This bong is so rad.
How do we make one or get one?
|Photo: Larry Kirk|
|A year passes like nothing at The World Famous Cannabis Cafe!|
|Photo: Larry Kirk|
|Medicating with a glass hookah and enjoying the music and the evening at the World Famous Cannabis Cafe.|
|Photo: Larry Kirk|
|Partygoers Friday night at the WFCC anniversary party.|
|Photo: Larry Kirk|
|Budtender Nickie Gates prepares a bag of vapor, Friday, July 29 at the World Famous Cannabis Cafe’s 1st Anniversary Celebration.|
|Photo: Little Eddy|
|A mass exhale of marijuana smoke at the Unibversity of Colorado Boulder campus at 4:20 p.m., April 20, 2010. UC-Boulder came in fourth on the list.|
California and Colorado dominated the The Princeton Review‘s Top 5 colleges for marijuana use this year, with two entries each.
|Photo: Santa Cruz IMC|
|A comely reveler at the 4-20 celebration at University of California – Santa Cruz|
|Photo: Santa Cruz IMC|
|University of California at Santa Cruz, April 20, 2010|
On Tuesday, July 12 I will reach a marijuana review milestone. Having pen & published 150 marijuana reviews. That includes marijuana photo galleries too. The last two reviews published, Cindy Bubbles and DJ Short’s Blueberry were donation from cannabis growers I know. From their personal head stash. Review 150 is another personal grower donation. Their samples were awesome. l am developing an excellent nug network of people who want to show off their efforts. Always looking for more. You can send your product to be reviewed to 1161 St. Clair Ave West, Toronto, ON, M6E 1B2.
I always write my reviews under the influence of the marijuana being reviewed. Usually rocking out on Blip to get the beat of my words down. If I had it together I would return to my original career as a music critic and do cannabis and album reviews. Rock out to a album to be reviewed while vaporizing marijuana also being reviewed. My influence is to take a music critic approach to my weed reviews. With a bit of food critic thrown in. Note, the music critic is sent everything. Developing a pallet takes time. Publicists pester professional critics (not food ones), offer dinners, passes and the like to curry favor. If weed arrived around here at the pace music, movies and other culture sent to alt-weeklies like NOW I’d have to hire a staff.
It’s more difficult to be critical with weed because it’s generally all very, very, good. The people handing me buds are proud of their homegrown grass. They want to show someone who will appreciate it by photographing and blogging their senses. In other words I’m getting cream.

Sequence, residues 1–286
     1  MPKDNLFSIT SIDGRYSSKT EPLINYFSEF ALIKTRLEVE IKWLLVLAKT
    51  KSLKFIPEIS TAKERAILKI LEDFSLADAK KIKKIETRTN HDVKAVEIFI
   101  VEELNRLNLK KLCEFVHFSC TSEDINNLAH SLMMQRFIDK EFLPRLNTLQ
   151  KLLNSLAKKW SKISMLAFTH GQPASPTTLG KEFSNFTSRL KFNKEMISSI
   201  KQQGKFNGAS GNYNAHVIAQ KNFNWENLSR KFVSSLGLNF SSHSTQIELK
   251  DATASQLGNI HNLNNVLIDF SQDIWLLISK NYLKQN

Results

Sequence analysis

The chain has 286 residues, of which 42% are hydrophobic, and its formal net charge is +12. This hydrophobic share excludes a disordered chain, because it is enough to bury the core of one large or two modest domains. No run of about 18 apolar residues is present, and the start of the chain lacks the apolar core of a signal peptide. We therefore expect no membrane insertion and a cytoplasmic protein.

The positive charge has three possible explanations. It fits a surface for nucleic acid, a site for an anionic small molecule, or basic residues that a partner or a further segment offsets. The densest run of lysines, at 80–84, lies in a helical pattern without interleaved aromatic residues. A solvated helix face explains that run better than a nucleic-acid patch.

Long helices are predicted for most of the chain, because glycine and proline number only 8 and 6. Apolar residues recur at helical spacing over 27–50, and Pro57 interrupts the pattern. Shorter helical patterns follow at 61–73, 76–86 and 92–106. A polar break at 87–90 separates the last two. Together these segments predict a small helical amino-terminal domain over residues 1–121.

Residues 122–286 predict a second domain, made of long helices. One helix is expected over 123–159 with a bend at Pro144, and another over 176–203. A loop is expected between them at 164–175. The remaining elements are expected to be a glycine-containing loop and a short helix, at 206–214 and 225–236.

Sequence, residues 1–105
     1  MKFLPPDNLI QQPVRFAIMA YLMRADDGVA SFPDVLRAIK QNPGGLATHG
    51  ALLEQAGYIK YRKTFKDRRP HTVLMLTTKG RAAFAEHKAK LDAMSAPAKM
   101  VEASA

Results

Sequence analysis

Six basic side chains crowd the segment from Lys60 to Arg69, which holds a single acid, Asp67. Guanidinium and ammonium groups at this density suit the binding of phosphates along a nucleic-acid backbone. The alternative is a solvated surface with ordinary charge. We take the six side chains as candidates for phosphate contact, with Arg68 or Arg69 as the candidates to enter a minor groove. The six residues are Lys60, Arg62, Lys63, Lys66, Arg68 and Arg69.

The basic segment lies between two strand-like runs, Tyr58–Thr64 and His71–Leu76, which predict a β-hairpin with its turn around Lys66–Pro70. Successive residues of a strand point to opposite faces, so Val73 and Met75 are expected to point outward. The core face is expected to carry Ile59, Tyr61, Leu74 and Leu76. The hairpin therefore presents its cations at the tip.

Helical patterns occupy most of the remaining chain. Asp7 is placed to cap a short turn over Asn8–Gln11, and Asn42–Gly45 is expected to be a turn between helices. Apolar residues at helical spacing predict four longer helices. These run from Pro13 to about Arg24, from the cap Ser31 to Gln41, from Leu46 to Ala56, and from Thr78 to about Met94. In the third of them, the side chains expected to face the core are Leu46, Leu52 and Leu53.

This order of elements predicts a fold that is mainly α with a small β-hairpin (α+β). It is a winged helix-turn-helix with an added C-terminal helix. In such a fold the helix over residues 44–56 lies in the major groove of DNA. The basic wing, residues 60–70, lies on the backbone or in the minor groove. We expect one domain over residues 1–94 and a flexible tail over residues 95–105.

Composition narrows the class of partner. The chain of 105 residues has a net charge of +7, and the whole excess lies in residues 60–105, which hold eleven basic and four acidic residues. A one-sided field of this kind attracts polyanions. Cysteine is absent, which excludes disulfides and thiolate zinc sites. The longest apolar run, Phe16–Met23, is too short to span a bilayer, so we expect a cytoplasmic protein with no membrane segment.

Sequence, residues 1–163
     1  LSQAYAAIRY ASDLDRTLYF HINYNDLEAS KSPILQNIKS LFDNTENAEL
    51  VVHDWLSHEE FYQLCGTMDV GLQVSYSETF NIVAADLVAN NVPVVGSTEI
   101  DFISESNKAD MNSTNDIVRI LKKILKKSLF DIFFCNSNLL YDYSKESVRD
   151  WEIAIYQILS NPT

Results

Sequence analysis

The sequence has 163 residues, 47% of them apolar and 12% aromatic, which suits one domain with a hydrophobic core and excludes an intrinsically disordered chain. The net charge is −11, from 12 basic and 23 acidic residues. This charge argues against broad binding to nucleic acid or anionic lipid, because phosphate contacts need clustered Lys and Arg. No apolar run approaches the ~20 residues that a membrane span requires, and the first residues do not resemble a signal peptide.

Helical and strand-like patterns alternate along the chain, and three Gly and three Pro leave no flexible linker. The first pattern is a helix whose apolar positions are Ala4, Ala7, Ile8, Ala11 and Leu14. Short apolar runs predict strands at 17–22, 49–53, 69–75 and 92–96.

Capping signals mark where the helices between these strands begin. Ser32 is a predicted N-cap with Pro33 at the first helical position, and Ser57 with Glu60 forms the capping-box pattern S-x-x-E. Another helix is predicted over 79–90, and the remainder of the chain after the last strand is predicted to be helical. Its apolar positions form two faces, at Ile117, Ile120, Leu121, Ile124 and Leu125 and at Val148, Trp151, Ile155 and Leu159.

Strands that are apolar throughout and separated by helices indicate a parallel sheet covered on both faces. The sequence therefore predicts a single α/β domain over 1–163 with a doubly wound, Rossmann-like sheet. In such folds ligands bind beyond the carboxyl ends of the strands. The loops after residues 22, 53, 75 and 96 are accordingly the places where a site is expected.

Rarely am I afforded an opportunity to review the same strain twice. I’ve had a few strains several times now. Especially my favorite Jean Guy. I can even identify her.
Then exactly what are we judging? The grower, the genetics or the bud. Or combination of all three. I believe all of the above. Some weed is well grown, but doesn’t do diddly for my health condition or have a solid marijuana high. Then there’s weed that works for me and isn’t well grown. Flush your plants! Breeders do produce strains that do just suck Cartman’s balls.
Marijuana grown by two different people will produce different results. Based on skill level, nutrients and soil. Presuming both received equal genetics. One growers seed maybe fresh and vibrant while another receives old tired beans.
A goal we have is to hold a grower competition involving the same strain. Everyone picks up their clone on the same day and returns 90 later with finished result. With the clone producer not allowed to compete as they grew the mother plant.
|Photo: Joseph Casias|
|Cancer patient Joseph Casias, former Employee of the Year at Walmart: “I just don’t understand why it is so bad to use something that helps me and many others who suffer with illnesses and pain”|
Once in awhile, corporate America commits such a glaring injustice that people are sickened by the inhumanity of it. Such was the case last year when a Michigan Walmart fired its former Employee of the Year, Joseph Casias, after he showed up positive for marijuana on a routine drug test — despite the fact that he is a seriously ill cancer patient legally using medical cannabis on the recommendation of his physician.
|Photo: Joseph Casias|
|Joseph was Associate of the Year at his Walmart store — until they fired him for being a legal medical marijuana patient.|
|Photo: Lucky Lake Campground|
|Enjoy beautiful natural surroundings while supporting a good cause.|
|Photo: Clark Nienhuis|